Sunday, November 6, 2011

CX0 Tubless Update - Riverside State Park

Yesterday I had the good fortune of riding with about 15 riders through Riverside State Park trails between 9 Mile Dam and 7 Mile Bridge.  This was THE off-road test of which I was dreaming when I installed the Bontrager CX0 Cyclocross Tires on the Gary Fisher Superfly back in October.  The setup for the day was tubeless with about 40 psi front and rear on in the 700x38 tires.

This ride was a good test for several reasons:

  1. The course included a lot of climbing and descents with some varied trail surfaces and technical challenges.
  2. There were 14 other fat-tire mountain bikes available for comparative purposes
  3. It was a blast!

I WAS able to climb anything the fat-tire bikes could climb though technique became more important.  The narrower tires meant that I had to keep my fanny planted in the saddle to maintain traction on the steeper sections.  I missed being able to maintain traction while standing to generate more power to get to the top of a climb as I can with full-on 29" fat tires.  This also meant that I had to be more deliberate in line and gear selection well prior to the base of the climb.

I WAS able to descend with reasonable control on the steep loose stuff dropping in to the Deep Creek area.  Again, this involved being a bit more cerebral at the top of descent and maintaining control since I could not depend on a big footprint rolling beneath me to save my bacon if I had to come to a complete stop quickly.

No surprises with either of these scenarios based on my test runs across the HD Bluff Trails the last few weeks.  

The tires absolutely rocked on the hard pack sections and paved road compared to the fat tires.  I observed that I was rolling faster at a lower energy expenditure than my cohorts.   One place I found myself wanting for big-volume fatties was anytime we encountered exposed baby head rocks.  The low-volume tires did not yield and wrap themselves over the rocks like I took for granted with a 29x2.2 at 30 psi.  This meant again that I was forced into picking better lines, and using more body English any time I encountered these smooth beasts.  I also felt more of the bumps through the hard tail with this setup.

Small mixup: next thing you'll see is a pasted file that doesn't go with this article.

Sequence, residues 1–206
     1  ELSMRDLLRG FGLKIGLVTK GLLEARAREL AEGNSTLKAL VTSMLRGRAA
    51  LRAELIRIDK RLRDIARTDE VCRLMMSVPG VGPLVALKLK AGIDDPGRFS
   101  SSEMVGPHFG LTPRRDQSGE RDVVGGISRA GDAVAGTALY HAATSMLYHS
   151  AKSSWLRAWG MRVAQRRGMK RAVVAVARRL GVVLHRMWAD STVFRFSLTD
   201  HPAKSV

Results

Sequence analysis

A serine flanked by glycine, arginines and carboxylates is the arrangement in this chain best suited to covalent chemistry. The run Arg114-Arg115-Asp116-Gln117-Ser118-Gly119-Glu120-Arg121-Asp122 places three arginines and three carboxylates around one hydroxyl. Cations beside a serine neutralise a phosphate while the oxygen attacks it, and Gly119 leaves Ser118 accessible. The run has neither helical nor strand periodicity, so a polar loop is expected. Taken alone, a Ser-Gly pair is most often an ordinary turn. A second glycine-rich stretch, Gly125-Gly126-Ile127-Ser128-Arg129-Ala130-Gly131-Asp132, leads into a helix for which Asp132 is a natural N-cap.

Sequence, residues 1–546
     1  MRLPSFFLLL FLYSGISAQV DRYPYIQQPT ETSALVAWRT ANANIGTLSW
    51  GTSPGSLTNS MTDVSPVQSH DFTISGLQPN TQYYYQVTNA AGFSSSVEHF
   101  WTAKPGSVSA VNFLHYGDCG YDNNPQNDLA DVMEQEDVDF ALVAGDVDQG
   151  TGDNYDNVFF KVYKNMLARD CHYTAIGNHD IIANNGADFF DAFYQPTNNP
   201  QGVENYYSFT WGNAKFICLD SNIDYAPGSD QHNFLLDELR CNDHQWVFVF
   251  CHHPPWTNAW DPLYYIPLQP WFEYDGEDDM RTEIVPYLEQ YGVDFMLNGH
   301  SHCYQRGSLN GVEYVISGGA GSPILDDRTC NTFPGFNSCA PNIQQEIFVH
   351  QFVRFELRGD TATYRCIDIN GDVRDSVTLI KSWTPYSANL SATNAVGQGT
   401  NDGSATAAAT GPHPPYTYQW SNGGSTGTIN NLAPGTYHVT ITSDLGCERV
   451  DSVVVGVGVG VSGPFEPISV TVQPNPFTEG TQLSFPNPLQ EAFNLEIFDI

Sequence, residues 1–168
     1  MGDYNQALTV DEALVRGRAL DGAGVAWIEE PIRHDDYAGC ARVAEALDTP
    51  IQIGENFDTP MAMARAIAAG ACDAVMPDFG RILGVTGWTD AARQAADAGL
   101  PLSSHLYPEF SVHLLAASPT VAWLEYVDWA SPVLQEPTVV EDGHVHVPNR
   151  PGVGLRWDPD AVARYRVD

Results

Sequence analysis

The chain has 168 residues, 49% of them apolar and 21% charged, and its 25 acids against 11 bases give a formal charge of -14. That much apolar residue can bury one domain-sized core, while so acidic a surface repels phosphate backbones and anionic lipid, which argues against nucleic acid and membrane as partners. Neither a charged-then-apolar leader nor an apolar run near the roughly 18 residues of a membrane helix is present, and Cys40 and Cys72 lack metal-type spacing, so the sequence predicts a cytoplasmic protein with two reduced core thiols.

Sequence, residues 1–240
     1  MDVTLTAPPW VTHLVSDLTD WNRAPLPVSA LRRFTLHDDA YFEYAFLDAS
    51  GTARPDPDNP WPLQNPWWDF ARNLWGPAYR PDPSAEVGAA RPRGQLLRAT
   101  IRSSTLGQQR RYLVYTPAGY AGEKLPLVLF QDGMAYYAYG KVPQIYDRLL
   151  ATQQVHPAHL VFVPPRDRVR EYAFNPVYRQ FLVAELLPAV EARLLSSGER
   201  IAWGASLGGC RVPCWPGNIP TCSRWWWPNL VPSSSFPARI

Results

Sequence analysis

Where they did not rock is when we hit some very deep and loose sand at the end of the ride.  I became the only casualty of the day in the battle to remain vertical when I sunk in the deep sand and fell over with an unceremonious thud.  The following riders showed incredible compassion riding around me while hurling various insults.

In addition to sand, I expect the tires would be miserable and ineffective in deep, slick mud as you often get down in the sections close to the river.  

Bottom Line:  

The set-up performed well for 99% of the conditions encountered and are a great set-up if you like commuting or road riding on your 29er with some off-road or gravel road jaunts.  the climbing ability was acceptable and the bike was lighter and faster as a result of the cross tire installation.  

Because they are not hardened against glass, running tubeless with sealant is a must for the streets of Spokane.  Remember, these are not high mileage tires so you can expect to replace the rear somewhere around 500 - 600 miles of road riding (your mileage may vary).


  1. Are you planning to throw on some studded 700s for the winter? I'm watching for the first sign of black ice in the mornings, and that's my cue to mount up the studs. Might be soon...

  2. I try to get my front studded tire mounted right BEFORE I first see ice, then the back one a couple weeks later.
    - Ventura